> route. But, legal means they must be licensed, carry numberplates, VED,

    MOT,
    > insurance, road-legal silencers, etc.
    > Those wanting vehicular access attempt to show that a particular route
    > supported traffic in the past (eg. horse drawn cart in 19th century), and
    > thus claim those rights for vehicles now. The government has said it will
    > close this mechanism to designate routes for vehicles.
    > Rights of way come in different types;
    > foot only,
    > foot, horse and cycle,
    > foot, horse, cycle and motorised vehicles.
    > You can check rights of way on the county council definitive maps.
    >
    > If the landowner permits vehicles on his land, then that's the landowner's
    > perogative (subject to a few planning constraints and local bylaws).
    >
    >
    > If you want to complain, try the local authority and the local police;

    they
    > should deal with the problem if they have any time left after dealing with
    > all their other priorities.
    >
    >
    > The "right to roam / public access" legislation coming into force in some
    > bits of England and Wales is a right on foot only.
    > Scottish laws are different, but the new Scottish access laws are for foot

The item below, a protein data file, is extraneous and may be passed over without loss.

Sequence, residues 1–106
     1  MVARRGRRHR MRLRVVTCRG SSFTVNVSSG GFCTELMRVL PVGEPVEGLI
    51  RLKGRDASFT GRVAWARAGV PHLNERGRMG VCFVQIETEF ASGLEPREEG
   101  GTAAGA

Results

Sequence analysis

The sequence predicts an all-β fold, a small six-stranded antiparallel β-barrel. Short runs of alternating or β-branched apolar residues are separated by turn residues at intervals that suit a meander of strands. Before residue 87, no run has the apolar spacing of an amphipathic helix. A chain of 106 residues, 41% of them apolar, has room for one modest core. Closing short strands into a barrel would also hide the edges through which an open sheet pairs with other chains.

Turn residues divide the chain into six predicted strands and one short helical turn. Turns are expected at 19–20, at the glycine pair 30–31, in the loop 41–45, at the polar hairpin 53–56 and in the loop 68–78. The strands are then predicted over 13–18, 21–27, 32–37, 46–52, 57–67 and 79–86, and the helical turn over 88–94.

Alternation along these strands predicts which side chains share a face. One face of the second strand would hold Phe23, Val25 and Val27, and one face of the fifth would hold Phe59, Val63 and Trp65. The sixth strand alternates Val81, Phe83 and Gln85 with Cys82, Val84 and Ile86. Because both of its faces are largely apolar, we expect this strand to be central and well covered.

> only.
    >


    well - horse, cycle and boat too!


    druidh
     
  5. W. D. Grey

    W. D. Grey Guest

    In article <[email protected]>, AC
    <[email protected]> writes
    >Can someone tell me if it illegal for these to be on the mountains? . My
    >local hill - Y Domen Fawr - is being ruined by the use of these and 4 wheel
    >drive vehicles and I was moaning to someone the other day and they said
    >public access is public access (whatever that means?)
    >
    >He is a biker by the way.
    >
    >


    If you go to Fan-y-Big or Cribyn via the "Roman Road" AKA the Gap Road,
    you will find that it is "Open" now - it is closed to vehicular traffic
    at certain times of the year.

    4x4 vehicles use it and churn it up to an absolute quagmire in one place
    near Neuadd Reservoir.
    --
    Bill Grey
    http://www.billboy.co.uk
     
  6. On Sun, 12 Sep 2004 15:21:08 +0000 (UTC), "AC"
    <[email protected]> wrote:

    >Can someone tell me if it illegal for these to be on the mountains?


    Be aware that most, if not all, hill farmers use quad bikes on the
    hills and it is of course completely legitimate. The other weekend I
    was passed by 3 gamekeepers on quad bikes on part of the Nidderdale
    way. I also know a shepherd who runs sheep on the Moelwyns, Moel Hebog
    and Cnict who regularly used to use his enduro bike in the course of
    his work - as well as a quad bike.

    Someone will correct me if I'm wrong, but the landowner can also give
    permission to people to use his land. My shepherd friend regularly
    hosted trails events on his land - which really used to make me angry
    as they used a patch of ancient oak woodland. So folk could be tearing
    up the moors entirely legitimately, if they've the landowners
    permission. Dosn't give them the right to rip up footpaths or
    bridleways tho....

    Cheers 'n' Beers